We rely a great deal on wonderful volunteers and interns, and ideally it would be a two to three person staff with two to three interns; my future goal is to not be wearing as many hats!
Q: Many independent presses or journals end up aligning themselves with a college or university, or with a publishing house, to share the work or financial burden. Would you consider (or have you already considered) this route?
A: We have thought a great deal about it and at various times have had conversations with a few larger entities. Nothing has worked out at this point, just because Paris Press’s cash flow is a challenge. The difficulties with cash flow and not having the kind of fiscal support that we need ripples into all of our activities.
We focus a lot on educational outreach and have many programs at universities and in public facilities, but for the last two years it’s been difficult to publish new volumes as well as host educational programs and outreach. We have some funding from Massachusetts Humanities and Massachusetts Cultural Council, but we could do so much more—we’re just looking for the right fit and I would love to find that.
Q: When Paris Press published Tell Me Another Morning, an intensely moving autobiographical novel by Czechoslovakian Holocaust survivor Zdena Berger, you also provided a comprehensive study and research guide online, which Paris Press had never done before. What was the motivation behind providing this online guide? Do you have plans to provide guides for future titles?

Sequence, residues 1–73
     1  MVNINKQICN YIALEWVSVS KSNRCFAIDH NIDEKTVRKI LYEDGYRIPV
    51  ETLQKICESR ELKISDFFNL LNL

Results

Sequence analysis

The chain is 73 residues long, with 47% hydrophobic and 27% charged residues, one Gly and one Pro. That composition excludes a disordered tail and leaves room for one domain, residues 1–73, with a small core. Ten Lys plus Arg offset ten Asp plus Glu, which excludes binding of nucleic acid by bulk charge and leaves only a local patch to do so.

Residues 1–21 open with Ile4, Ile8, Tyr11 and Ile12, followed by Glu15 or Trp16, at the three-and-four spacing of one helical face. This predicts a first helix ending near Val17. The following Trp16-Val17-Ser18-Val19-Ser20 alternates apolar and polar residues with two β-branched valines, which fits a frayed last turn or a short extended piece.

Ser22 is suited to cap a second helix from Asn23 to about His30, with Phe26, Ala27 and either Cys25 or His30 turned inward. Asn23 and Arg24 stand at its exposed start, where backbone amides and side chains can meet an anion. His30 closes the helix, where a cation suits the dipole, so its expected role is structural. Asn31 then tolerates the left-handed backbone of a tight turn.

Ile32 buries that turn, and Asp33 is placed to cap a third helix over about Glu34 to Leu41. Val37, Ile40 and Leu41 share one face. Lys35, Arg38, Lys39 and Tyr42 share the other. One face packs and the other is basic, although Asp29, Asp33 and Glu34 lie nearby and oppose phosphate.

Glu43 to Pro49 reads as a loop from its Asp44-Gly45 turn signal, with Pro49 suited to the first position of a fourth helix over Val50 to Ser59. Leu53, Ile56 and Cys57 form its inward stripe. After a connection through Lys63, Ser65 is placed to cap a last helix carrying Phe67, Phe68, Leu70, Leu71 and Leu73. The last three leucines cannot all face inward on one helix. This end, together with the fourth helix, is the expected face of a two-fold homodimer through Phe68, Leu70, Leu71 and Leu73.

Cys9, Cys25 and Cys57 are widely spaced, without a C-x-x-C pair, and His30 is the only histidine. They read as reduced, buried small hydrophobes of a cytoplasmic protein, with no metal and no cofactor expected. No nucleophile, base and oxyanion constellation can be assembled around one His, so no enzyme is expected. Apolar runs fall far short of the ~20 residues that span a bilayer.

A: Eventually we hope to have guides for all the titles—some as substantial as the one for Tell Me Another Morning, and others that won’t need to be as detailed. Right now we’re working on a guide for On Being Ill with Notes from Sick Rooms (essays on illness by Virginia Woolf, published by Paris Press for the first time with an essay by Woolf’s mother Julia Stephen).
It was thrilling to publish those essays by Woolf and Stephen together—exciting from the literary point of view but also from a medical point of view. The book is now used as a course adoption in medical schools and nursing programs, and I recently facilitated a class with people from all areas of the medical field—from nurses to surgeons to the hospital chaplain—to discuss how this text can help people in the medical field be more compassionate and better listeners, as well as to help them know what kinds of questions to ask patients.
We also are working with Renee Olander from Old Dominion University on a guide for The Life of Poetry, aimed at providing middle school and high school teachers with help incorporating poetry into their curriculum. At a time when so many arts programs are being cut in schools, we hope the guide will reflect how art, physics, dance, poetry, music, history, and religion are all connected to each other.
Our books deserve a large and eclectic audience, so we devote an enormous amount of time to education. The educational component is critical, especially when you’re publishing texts that have been overlooked.
If there’s an unpublished text—especially by a well-known author like Virginia Woolf—people often think that’s because the text wasn’t accomplished, rather than considering the other factors that might have been at play. Zdena Berger’s Tell Me Another Morning was very well-received when it was first published—it was a Book of the Month selection—and then it just disappeared.
These are books meant to be read many, many times; it’s up to us to educate the public about why these books are ground-breaking, life-changing. The study guides are just one way—we also have programs in public libraries, hospitals, senior centers, museums, and schools. The educational component is critical. It’s crucial and challenging.
“Sisters Dresses” by Jane Lund